By Brittany Bruce

Minimalism is having an ‘in vogue moment’ right now. Minimalist and simple living blogs, podcasts and YouTube channels are popping up all over the internet. At its core, minimalism Is about making priorities for how you want to live your life. However, there is a common misconception about what minimalism ‘looks’ like in practice.

A common theme in the public portrayal of minimalism and minimalists revolves around a) getting rid of all of your worldly possessions and b) living in a space that is stark and devoid of visual interest.

However, minimalism has absolutely nothing to do with what you do or do not own, or what the inside of your house looks like. Sure, lots of minimalists go through the ‘minimising’ phase where they donate, sell or recycle some of their possessions; however, these acts alone do not define them as minimalists. In fact, you could be a minimalist and never declutter anything!

If you are a minimalist, you have probably heard some version of the following. “You can’t be a minimalist if,”

you have kids
you like shopping
you live in a big house
you have a car
you are not wealthy
you are a collector
etcetera, etcetera, etcetera.

Minimalism is a more conscious state of mind where you have chosen to make your life about more than the endless cycle of pay cheque —> unnecessary consumption—> debt.

Minimalism does not swear off or ban consumption; humans need to consume to survive— that’s a fact. What we do not need to do is whittle away our free time purchasing or upkeeping possessions we bought to ‘keep up with Jones’. Our lives are more valuable than that.

So what does a minimalist lifestyle look like? Simple, whatever you want. Maybe your minimalism is a big house full of kids – that is awesome! If the family is a priority for you, then making it the centrepiece of how you spend your time is the definition of minimalism.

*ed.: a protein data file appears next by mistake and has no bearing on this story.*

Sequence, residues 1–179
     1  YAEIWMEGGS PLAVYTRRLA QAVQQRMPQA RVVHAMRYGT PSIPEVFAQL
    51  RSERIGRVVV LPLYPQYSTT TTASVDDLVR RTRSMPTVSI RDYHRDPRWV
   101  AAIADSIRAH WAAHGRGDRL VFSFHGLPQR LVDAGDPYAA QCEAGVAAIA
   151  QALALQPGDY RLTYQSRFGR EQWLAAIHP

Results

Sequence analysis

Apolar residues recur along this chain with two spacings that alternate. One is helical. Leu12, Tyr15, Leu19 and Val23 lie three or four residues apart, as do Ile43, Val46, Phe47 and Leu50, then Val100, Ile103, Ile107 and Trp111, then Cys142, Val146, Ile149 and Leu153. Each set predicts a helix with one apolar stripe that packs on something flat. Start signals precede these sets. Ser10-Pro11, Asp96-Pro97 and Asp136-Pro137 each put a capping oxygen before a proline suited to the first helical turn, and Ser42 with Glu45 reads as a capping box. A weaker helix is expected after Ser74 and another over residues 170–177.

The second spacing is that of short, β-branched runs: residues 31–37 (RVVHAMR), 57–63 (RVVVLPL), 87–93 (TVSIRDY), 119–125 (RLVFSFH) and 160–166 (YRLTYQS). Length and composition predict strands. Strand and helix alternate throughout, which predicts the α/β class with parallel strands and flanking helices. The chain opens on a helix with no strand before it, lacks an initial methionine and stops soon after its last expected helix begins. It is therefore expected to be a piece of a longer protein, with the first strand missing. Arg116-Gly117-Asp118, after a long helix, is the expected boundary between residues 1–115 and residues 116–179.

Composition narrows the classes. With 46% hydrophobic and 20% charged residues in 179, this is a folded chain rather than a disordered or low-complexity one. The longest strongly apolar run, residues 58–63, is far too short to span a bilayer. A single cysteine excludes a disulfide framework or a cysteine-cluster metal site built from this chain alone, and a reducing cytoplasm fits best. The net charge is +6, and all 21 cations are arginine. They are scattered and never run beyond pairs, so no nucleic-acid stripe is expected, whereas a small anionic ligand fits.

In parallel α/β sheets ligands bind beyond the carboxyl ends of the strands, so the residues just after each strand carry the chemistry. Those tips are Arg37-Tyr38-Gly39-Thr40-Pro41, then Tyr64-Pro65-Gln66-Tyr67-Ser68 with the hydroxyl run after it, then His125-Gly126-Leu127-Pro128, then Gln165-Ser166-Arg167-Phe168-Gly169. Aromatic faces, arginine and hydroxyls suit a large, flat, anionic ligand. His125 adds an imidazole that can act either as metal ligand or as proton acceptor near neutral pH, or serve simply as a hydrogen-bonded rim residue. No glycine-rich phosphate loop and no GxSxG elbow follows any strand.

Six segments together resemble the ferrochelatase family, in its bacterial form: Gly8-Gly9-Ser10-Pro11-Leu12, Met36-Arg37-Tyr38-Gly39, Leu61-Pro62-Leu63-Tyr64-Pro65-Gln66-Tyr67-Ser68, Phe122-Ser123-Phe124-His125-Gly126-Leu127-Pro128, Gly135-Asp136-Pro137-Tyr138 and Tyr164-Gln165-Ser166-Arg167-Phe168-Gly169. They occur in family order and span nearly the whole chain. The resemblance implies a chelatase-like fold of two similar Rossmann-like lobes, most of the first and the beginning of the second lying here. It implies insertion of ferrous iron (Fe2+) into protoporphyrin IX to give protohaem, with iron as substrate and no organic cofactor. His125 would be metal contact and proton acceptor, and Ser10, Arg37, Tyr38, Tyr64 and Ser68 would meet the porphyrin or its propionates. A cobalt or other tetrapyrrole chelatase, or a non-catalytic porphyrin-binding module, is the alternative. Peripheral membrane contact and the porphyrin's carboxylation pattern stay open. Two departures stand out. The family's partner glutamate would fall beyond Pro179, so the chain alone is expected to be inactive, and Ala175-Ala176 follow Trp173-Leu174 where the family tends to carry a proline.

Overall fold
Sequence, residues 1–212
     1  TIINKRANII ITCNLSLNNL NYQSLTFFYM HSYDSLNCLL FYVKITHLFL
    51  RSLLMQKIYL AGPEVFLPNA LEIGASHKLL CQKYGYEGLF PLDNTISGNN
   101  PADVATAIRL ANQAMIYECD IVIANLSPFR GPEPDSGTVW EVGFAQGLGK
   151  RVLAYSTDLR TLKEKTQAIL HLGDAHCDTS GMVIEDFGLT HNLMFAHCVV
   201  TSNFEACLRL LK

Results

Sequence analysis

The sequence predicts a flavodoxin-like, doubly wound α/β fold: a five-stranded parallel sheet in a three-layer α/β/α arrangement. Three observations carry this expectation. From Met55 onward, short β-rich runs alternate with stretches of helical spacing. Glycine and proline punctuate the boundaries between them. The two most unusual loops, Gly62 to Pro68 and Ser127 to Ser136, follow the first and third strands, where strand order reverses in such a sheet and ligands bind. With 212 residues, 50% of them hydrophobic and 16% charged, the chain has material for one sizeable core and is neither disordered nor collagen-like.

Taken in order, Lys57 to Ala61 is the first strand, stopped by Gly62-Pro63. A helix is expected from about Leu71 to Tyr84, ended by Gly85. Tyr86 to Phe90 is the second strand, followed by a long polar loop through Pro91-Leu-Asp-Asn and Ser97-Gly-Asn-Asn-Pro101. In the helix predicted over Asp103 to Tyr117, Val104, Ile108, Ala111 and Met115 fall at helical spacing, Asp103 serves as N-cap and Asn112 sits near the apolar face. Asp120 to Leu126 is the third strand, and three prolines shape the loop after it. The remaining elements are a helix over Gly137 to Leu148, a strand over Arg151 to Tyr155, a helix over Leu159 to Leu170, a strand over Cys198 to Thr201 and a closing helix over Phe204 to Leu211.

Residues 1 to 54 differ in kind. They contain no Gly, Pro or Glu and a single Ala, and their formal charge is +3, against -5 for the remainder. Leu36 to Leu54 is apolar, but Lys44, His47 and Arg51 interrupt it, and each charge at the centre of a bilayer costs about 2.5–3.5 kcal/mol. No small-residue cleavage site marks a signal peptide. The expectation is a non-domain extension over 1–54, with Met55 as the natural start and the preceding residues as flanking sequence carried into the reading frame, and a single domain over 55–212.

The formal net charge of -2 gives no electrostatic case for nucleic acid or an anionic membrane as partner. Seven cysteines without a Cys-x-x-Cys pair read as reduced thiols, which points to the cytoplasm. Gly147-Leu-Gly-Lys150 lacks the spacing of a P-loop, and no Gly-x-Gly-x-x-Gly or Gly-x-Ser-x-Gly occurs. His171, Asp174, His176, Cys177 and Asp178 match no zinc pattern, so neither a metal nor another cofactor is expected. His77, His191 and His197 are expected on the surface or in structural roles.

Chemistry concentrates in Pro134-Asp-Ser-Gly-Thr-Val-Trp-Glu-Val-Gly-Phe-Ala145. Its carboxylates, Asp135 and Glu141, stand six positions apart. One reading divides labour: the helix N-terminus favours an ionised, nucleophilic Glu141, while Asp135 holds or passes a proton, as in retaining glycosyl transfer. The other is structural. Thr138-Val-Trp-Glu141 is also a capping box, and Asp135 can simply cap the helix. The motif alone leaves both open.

If minimalism to you means clearing out your closet but holding onto your treasured record collection go for it! If music adds joy and value to your life, then keeping it is just what the minimalist ordered.

Do you see the trend here? Minimalism is about defining what your priorities are in life and then building a life around those priorities. That is why there can never be an effective guide on ‘how to be a minimalist’. Minimalism is different depending on what your goals are.

Someone who wants to live a minimal life to reduce debt will have a very different day-to-day life than someone who is using minimalism as a tool to spend more time with friends and family; this is the key to minimalism. It is a tool; it is not necessarily the end point in and of itself. You are not choosing to live a more intentional and simple life just for the heck of it; you are choosing to do it for a particular purpose.

So if you think you can’t be a minimalist for “X”, “Y”, “Z” reason or believe that you’re doing minimalism ‘wrong’— you are not. As long as you are living with intention, you are doing a perfect form of minimalism for your life.

Brittany Bruce is a minimalist and aspiring future tiny house dweller who is the founder of Tiny Ambitions, a blog dedicated to exploring the tiny life in all its wonderful facets.